By Muzafar Ahmad Dar & Safeer Ahmad Bhat
After the appointment of Bipin Rawat as the 27th Chief of Indian Army in 2016, the central government faced a harsh criticism from various political parties. Rawat superseded two senior officers, Lt. Gen Praveen Bakshi and Lt. Gen P. M. Hariz in order achieve the highest position of the Indian Army. In other words one can say that his selection became a ‘flashpoint’ between the government and the opposition. Manish Tiwari, one of the Congress leaders, termed his selection as ‘cherry picking’. Besides, Tathagat Satpathy while talking about Rawat’s appointment argued that “[s]uperseding in appointments always opens up the avenue for many questions.” He further said that such appointments in any defense or civil department results in support for the government. D. Raja of Communist Party of India mentioned that such appointments either in army or any department always become controversial during the NDA regime. He further said, “The government should answer how these appointments have been made.”
Right from the beginning, Rawat started talking about various political issues prevailing in India, which as an Army Chief was not his job. However, his statements on Jammu and Kashmir as a political issue remained the headline in various Delhi and regional newspapers. After assuming office, he made several scandalous statements. He praised Major Leetul Gogoi, who used a civilian as a human shield in Kashmir by tying him to an army jeep. Gogoi justified the act as a method to get rid of stone pelting. This act of Gogoi faced immense criticism at the national as well as international level. However, Rawat defended Gogoi: “This is a proxy war and proxy war is a dirty war. It is played in a dirty way.” He even called Gogoi’s act an innovation to fight the dirty war. Besides, Rawat conferred a medal on Gogoi, while an inquiry was still in process. While defending his officer’s act, Rawat argued that he had only that option, rather than opening fire on public.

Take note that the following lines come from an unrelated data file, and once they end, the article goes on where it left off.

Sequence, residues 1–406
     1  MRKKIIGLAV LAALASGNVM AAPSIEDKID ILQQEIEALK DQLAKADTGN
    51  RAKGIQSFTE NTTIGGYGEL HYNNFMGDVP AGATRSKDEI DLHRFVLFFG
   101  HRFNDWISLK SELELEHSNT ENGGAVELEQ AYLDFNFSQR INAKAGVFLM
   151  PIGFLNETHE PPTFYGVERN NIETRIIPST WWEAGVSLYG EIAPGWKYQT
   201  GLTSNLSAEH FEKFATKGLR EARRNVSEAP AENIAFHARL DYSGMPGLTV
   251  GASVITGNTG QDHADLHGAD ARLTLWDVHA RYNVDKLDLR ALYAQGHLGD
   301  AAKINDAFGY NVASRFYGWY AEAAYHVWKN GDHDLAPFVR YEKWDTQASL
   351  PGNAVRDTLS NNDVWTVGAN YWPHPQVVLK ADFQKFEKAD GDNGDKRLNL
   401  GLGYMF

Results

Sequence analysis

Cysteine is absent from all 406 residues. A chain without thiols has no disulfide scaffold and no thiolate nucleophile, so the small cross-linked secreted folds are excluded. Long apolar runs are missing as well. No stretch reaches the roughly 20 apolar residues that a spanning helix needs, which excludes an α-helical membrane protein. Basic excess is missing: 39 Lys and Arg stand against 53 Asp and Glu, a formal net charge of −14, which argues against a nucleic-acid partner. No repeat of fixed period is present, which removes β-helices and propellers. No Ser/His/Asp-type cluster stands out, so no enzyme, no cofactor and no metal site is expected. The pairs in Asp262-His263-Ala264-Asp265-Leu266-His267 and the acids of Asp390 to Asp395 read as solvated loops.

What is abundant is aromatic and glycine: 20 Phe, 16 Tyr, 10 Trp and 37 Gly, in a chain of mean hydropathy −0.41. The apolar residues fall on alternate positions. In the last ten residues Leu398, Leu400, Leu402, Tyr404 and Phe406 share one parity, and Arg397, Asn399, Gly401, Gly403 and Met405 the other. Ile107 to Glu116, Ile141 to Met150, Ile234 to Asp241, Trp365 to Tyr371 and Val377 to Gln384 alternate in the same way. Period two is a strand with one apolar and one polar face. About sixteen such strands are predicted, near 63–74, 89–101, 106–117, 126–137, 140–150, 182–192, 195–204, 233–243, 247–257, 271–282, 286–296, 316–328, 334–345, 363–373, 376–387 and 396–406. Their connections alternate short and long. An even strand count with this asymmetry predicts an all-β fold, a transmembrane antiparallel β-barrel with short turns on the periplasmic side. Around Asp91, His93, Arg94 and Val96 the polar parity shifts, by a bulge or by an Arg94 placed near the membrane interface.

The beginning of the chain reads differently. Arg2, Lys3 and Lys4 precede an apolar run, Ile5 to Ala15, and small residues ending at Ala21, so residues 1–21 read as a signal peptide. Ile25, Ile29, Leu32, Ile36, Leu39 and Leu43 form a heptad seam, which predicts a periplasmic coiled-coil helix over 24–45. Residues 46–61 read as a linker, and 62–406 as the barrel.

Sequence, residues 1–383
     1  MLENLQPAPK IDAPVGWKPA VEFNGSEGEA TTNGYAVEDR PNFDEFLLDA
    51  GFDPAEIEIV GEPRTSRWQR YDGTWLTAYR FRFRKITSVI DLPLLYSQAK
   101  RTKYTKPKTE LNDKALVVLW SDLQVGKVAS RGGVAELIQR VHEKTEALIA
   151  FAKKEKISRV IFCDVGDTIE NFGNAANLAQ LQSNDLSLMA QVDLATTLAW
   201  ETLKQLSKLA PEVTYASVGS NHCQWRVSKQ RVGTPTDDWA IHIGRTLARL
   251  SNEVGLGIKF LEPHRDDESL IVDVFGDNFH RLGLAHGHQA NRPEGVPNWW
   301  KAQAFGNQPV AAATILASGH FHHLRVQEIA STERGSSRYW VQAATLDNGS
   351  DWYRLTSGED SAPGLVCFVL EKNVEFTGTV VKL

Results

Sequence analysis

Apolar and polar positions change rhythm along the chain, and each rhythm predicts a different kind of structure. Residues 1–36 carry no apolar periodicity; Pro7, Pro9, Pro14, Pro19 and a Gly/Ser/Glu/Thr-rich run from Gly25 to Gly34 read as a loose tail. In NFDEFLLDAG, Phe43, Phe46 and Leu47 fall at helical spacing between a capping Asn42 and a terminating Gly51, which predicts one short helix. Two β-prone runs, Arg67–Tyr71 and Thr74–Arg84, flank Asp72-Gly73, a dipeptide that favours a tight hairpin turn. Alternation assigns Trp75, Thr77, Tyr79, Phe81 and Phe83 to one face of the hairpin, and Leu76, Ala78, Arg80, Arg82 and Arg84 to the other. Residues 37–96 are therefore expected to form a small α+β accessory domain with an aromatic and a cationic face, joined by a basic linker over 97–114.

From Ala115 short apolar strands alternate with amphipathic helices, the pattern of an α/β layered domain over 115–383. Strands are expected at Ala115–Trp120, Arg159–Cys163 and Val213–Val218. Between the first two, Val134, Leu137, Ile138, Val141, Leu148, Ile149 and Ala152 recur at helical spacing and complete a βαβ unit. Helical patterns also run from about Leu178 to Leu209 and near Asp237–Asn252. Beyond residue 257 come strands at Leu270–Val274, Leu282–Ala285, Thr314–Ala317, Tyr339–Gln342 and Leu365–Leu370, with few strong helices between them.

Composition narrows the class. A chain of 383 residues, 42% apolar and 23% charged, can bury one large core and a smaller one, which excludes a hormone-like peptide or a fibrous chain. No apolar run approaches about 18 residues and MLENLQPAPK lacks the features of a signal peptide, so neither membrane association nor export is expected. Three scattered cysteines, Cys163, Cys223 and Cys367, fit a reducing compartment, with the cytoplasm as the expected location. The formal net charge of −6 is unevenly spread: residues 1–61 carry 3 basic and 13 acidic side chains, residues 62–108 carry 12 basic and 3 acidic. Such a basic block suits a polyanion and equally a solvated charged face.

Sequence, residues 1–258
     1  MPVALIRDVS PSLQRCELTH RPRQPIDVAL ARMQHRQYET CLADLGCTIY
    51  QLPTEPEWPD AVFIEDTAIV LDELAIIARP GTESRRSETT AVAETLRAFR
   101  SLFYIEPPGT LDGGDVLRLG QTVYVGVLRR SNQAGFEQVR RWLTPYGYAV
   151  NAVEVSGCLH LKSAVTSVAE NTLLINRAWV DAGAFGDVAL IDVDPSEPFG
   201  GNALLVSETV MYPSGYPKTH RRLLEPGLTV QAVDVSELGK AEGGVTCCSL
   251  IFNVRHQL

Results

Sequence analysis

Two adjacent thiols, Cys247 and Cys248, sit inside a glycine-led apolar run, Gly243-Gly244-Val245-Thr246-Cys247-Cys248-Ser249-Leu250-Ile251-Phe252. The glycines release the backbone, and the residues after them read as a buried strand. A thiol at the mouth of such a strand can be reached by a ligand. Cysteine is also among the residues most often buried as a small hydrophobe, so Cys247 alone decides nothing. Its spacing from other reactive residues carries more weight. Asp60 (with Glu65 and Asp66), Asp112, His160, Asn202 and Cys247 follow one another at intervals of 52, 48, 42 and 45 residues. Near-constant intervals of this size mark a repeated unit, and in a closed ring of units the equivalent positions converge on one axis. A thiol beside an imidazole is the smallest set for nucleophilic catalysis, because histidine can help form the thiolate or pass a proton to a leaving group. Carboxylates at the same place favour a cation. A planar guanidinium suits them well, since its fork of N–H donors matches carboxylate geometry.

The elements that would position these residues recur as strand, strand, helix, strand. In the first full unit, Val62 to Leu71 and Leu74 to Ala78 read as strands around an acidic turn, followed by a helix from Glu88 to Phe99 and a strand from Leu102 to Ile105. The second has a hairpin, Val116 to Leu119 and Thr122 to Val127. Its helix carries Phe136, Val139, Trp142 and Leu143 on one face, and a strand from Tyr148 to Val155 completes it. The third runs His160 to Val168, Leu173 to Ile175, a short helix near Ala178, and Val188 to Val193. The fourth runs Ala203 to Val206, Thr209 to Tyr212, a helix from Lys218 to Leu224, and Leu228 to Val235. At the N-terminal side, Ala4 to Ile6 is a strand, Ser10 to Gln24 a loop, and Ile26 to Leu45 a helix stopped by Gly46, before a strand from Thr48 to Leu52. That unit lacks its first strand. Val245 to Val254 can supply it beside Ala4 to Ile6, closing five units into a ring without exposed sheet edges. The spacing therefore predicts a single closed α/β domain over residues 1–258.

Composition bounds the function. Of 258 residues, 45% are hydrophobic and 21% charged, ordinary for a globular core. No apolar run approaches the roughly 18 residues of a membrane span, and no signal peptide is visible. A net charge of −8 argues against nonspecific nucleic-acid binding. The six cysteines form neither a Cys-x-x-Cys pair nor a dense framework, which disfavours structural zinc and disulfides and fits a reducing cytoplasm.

In November 2017, General Rawat visited Kodagu, a district of Karnataka, where he unveiled the statue of Field Marshal Cariappa, who was the first Indian Chief of Army Staff. While talking to the media, Rawat recommended that Cariappa should be given Bharat Ratna. He further said, “If others can get it, I see no reason why he should not. He (Cariappa) is a deserving person and we will shortly address the issue on priority.” Being an Army General, Rawat has no authority to recommend India’s highest award for his predecessor. Before announcing it in public, he should have communicated about the same through a letter to President’s Office (Rashtrapati Bhavan). Although, Cariappa was the first Army Chief, he was not the best compared to other Army Generals. Military historians have ranked K. S. Thimayya ahead of Cariappa.
Besides, on several occasions Rawat made headlines for wrong reasons. Talking about the schools and madrasas in Jammu and Kashmir, Rawat mentioned that in most of the schools of Kashmir, teachers teach students about two different maps: one of India and another of Jammu and Kashmir. This method he claimed to be the reason for misguiding the youth. He further said that there is a need to retain control on madrassas and masjids, as they are being used to radicalize the youth of Kashmir.